Romaine salad is unsafe to eat in some form, American Center for Disease Control and Prevention Tuesday said in a broad notice in response to a new outbreak of diseases caused by a particularly dangerous type of E. coli contamination.
CDC told consumers to waste Romaine salad they have already bought. Restaurants should not earn it, the stores should not sell it and people should not buy it, no matter where or when the salad was grown. It does not matter whether it is chopped, whole head or part of a mixture. All romaine should be avoided.
The CDC alert, issued just two days before the Americans sat down for their Thanksgiving dinners, reported that 32 people in 1
There are no cases in Maine, but CDC reported two in New Hampshire and two in Massachusetts.
"In response to Centers for Disease Control's Consumer Advisory issued on November 20, Shaw and Star Market were removed all Romaine salad and products containing Romaine salad from sales due to potential contamination by E. Coli, said Shaw's spokeswoman Teresa Edington. "Customers who bought these products should throw them away or return them for full refund."
Early Tuesday evening, all Romaine salad products were removed from Shaw's Mill Creek location in South Portland, with warning explain to customers why.
At the nearby Hannaford romaine was still on the shelves a few hours after the CDC recommendation was published. A spokesman from Hannaford did not respond to messages from Tuesday.
The origin of the outbreak is unknown and remains under investigation. CDC did not limit the warning to romaine from a particular agricultural area.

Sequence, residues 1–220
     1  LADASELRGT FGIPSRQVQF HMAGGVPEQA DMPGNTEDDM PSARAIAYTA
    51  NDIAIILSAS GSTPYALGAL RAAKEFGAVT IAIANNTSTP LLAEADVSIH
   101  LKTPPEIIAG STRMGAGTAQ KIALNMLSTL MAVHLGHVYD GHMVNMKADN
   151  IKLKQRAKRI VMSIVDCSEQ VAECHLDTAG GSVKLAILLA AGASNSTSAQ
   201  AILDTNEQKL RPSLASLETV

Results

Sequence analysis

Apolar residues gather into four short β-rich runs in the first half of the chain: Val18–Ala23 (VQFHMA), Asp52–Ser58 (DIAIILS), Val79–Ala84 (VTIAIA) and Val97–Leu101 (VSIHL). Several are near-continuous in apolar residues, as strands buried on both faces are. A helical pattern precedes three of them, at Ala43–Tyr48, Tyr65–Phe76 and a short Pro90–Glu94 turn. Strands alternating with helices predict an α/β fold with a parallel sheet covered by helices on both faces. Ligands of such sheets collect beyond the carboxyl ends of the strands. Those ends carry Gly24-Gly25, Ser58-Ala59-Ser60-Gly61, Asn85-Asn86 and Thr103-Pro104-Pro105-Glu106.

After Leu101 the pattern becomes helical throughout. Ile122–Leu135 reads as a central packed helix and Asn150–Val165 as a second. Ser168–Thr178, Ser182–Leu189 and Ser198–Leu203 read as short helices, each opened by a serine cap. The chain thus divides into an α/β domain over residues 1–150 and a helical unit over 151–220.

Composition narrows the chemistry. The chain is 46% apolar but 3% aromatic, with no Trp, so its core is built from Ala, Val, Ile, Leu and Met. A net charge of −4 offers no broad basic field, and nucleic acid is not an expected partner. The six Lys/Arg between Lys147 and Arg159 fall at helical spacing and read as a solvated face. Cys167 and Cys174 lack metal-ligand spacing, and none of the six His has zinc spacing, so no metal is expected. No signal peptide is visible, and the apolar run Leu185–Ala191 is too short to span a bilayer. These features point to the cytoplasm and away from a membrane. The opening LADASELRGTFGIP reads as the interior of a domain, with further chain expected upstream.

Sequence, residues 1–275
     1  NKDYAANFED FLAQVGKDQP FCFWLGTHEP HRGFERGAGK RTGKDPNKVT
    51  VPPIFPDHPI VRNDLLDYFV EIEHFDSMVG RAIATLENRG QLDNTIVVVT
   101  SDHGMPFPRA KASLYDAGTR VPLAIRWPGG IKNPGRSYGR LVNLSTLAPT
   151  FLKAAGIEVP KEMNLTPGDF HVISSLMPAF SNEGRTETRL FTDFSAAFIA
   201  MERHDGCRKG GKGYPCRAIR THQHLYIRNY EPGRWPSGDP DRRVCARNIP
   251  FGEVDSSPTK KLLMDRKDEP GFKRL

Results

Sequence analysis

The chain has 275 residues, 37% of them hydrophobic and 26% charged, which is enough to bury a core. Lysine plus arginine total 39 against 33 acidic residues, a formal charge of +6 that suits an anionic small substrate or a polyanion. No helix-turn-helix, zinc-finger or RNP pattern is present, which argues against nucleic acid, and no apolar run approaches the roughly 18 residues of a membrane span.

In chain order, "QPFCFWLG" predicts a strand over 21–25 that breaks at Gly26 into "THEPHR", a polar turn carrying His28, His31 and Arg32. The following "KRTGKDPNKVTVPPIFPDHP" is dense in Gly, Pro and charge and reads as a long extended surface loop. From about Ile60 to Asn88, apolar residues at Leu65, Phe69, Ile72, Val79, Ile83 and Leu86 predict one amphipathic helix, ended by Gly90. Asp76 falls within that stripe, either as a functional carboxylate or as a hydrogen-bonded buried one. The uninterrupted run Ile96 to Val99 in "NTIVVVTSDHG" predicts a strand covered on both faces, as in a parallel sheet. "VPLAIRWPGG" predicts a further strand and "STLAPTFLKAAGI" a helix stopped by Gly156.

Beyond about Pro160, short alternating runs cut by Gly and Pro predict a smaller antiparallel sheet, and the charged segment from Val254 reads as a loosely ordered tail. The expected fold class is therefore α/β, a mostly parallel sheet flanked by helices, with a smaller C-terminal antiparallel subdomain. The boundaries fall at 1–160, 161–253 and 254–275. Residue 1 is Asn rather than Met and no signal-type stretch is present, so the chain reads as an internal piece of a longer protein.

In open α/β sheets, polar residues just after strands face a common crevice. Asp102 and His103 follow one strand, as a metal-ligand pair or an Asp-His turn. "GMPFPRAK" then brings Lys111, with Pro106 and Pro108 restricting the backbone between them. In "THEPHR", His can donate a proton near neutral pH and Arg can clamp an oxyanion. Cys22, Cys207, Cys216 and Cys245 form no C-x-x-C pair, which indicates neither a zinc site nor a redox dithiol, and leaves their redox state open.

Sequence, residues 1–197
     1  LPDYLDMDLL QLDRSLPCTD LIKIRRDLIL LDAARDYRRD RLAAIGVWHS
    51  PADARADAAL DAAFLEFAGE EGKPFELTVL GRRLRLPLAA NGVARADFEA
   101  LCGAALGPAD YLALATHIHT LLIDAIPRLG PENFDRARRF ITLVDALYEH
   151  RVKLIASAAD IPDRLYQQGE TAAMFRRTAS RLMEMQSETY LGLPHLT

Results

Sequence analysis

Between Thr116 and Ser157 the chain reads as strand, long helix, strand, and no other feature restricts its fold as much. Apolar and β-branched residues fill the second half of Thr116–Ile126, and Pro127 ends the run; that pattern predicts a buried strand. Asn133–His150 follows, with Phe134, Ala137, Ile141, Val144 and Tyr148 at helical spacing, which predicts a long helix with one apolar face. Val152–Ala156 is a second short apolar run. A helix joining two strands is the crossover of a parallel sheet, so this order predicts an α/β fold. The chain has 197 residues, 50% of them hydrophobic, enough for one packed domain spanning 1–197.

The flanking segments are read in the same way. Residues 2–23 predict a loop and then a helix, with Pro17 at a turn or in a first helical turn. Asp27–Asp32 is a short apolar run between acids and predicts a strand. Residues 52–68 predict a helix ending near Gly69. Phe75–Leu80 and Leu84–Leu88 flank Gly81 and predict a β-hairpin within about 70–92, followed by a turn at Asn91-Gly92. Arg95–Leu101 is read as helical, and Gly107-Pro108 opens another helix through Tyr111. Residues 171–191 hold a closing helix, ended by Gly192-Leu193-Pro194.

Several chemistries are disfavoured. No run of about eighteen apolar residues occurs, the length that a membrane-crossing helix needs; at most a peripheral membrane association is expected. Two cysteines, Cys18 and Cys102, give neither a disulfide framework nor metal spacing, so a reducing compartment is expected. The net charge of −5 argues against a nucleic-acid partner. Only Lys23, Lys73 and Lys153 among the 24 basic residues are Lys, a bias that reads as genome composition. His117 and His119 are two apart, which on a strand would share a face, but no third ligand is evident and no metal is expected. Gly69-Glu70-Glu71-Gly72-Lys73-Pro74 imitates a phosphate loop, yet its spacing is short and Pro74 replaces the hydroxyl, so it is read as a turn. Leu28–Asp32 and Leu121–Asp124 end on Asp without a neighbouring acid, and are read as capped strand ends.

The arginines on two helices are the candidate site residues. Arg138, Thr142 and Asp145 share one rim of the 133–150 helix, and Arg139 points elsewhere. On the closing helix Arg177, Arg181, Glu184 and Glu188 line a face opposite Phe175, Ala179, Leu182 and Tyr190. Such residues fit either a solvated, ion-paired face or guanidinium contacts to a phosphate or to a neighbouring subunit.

A common strain of E. coli was detected in six of the sick people and you see t to match the bacterial strain found in an outbreak of diseases from polluted leaf Greens late last year that hit people in both the US and Canada. The outbreak was declared in January.
Five people died in the last major outburst of contaminated romaine, which lasted from March to June this year, leading to 210 cases in 36 states. The outbreak was tracked to Yuma, Arizona, growing region, but investigators never decided for the exact source.
All three outbreaks – the present one, one from Yuma and from last year – are due to the contamination of this deadly strain called E. coli O157: H7. It produces a Shiga toxin that can cause hemolytic uremic syndrome, a type of kidney failure. Until the 1990s, most E. coli cases occurred in humans from eating contaminated hamburger. In recent years, after reforms in the livestock industry, the outbreaks have mostly been associated with green vegetables.
Press Herald Staff Writer Joe Lawlor contributed to this report.